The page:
Unfortunately, the number of fatal bicycle accidents in the U.S. appears to be on the rise, according to a study conducted by the Governors Highway Safety Association.
The Washington Post, using data provided by the association, reported that the number of fatal bicycle accidents involving other vehicles on the roadway increased by 16 percent from 2010-12.
The newspaper reported that in 2010, 621 cyclists were killed in vehicular crashes nationwide. That number increased to 722 in 2012. This increase comes as there has been a “62 percent surge in bicycle commuting since 2000”, according to the Post.
Additionally, the paper speculated that the number could be rising as federal and state governments have promoted cycling as a way to reduce vehicle emissions and improve public health.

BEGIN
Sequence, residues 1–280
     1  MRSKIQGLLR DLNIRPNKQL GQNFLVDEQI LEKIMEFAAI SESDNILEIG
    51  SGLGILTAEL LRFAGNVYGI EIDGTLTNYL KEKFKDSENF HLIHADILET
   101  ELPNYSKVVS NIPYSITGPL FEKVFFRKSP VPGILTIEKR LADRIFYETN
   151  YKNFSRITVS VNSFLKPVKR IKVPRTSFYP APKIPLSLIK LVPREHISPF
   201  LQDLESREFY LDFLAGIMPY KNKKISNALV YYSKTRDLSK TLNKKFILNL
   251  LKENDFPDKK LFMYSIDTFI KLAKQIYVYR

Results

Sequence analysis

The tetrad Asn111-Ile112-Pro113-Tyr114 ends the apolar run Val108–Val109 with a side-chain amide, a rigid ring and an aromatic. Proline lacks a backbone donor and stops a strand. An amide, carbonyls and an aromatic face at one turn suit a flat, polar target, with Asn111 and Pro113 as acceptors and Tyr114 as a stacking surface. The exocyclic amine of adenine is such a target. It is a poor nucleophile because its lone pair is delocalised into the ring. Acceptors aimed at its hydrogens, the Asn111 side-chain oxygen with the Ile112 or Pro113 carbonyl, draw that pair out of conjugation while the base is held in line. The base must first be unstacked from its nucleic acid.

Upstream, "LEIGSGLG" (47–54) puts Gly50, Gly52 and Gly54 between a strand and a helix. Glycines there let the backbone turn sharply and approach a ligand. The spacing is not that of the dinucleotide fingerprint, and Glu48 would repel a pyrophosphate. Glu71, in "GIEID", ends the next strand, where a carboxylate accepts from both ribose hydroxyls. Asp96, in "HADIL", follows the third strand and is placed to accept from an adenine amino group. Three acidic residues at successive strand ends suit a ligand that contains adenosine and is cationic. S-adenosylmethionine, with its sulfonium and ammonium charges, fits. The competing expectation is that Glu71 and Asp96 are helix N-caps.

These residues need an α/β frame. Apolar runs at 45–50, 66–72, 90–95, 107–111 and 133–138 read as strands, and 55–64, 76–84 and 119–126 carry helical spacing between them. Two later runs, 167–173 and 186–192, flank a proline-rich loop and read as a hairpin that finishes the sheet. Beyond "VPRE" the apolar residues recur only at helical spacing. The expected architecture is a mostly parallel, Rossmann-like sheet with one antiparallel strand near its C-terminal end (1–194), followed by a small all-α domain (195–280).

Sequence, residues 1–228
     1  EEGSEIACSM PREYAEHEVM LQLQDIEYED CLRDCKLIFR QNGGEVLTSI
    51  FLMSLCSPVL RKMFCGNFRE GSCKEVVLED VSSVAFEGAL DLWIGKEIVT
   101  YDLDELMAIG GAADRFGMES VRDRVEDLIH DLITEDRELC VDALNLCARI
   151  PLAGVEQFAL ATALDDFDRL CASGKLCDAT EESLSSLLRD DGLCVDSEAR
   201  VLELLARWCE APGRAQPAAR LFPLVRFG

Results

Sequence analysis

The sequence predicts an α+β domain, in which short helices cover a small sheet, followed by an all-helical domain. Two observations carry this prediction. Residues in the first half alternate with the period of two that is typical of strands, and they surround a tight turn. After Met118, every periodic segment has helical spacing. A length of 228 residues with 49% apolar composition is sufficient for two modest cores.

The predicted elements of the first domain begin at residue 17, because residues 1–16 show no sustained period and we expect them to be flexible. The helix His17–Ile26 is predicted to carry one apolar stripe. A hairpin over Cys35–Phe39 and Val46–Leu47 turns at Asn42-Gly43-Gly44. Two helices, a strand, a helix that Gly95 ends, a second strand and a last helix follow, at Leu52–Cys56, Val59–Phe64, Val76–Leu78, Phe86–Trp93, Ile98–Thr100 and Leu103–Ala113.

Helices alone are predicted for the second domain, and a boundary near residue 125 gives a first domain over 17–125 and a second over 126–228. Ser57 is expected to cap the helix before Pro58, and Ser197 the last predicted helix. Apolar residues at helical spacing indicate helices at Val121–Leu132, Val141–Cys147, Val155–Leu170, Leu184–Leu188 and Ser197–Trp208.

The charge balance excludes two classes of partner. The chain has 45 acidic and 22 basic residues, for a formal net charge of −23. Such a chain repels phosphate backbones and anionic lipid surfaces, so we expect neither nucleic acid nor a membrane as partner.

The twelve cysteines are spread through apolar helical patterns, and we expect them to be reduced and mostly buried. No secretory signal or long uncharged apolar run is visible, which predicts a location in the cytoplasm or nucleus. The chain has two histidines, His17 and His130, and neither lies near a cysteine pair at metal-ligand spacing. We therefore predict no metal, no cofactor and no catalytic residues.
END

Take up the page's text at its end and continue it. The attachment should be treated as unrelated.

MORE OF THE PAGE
The Post reported that the increase comes after the number of cyclist deaths dropped every year since 1975. The study found that 88 percent of fatal accidents involved males in 2012, and that of those killed, nearly two-thirds were not wearing helmets.
As we reported last week, it is important that you utilize bike lanes, and make sure you follow safety guidelines and roadway rules if you are riding a bike. Additionally, drivers need to make sure that they respect cyclists by avoiding distracted driving, drunk driving or reckless driving.
Any driver who strikes and injures or kills a cyclist can be held liable through a lawsuit.
My Loved One Was Killed in a Bicycle Accident. Can I Sue the Driver?
Remember, you can file a wrongful death lawsuit if your loved one is killed by a driver’s recklessness. Compensation from a lawsuit can be used to pay for burial costs and medical bills associated with the death of your loved one.
If you have been injured or have had a loved one killed in a bicycle accident, let the experienced attorneys at Koonz, McKenney, Johnson & DePaolis handle your case.
Our attorneys help victims in Fairfax County, Prince William County, Loudoun County and Arlington County.
Koonz, McKenney, Johnson & DePaolis L.L.P.
Sponsored by: Attorney William P. Lightfoot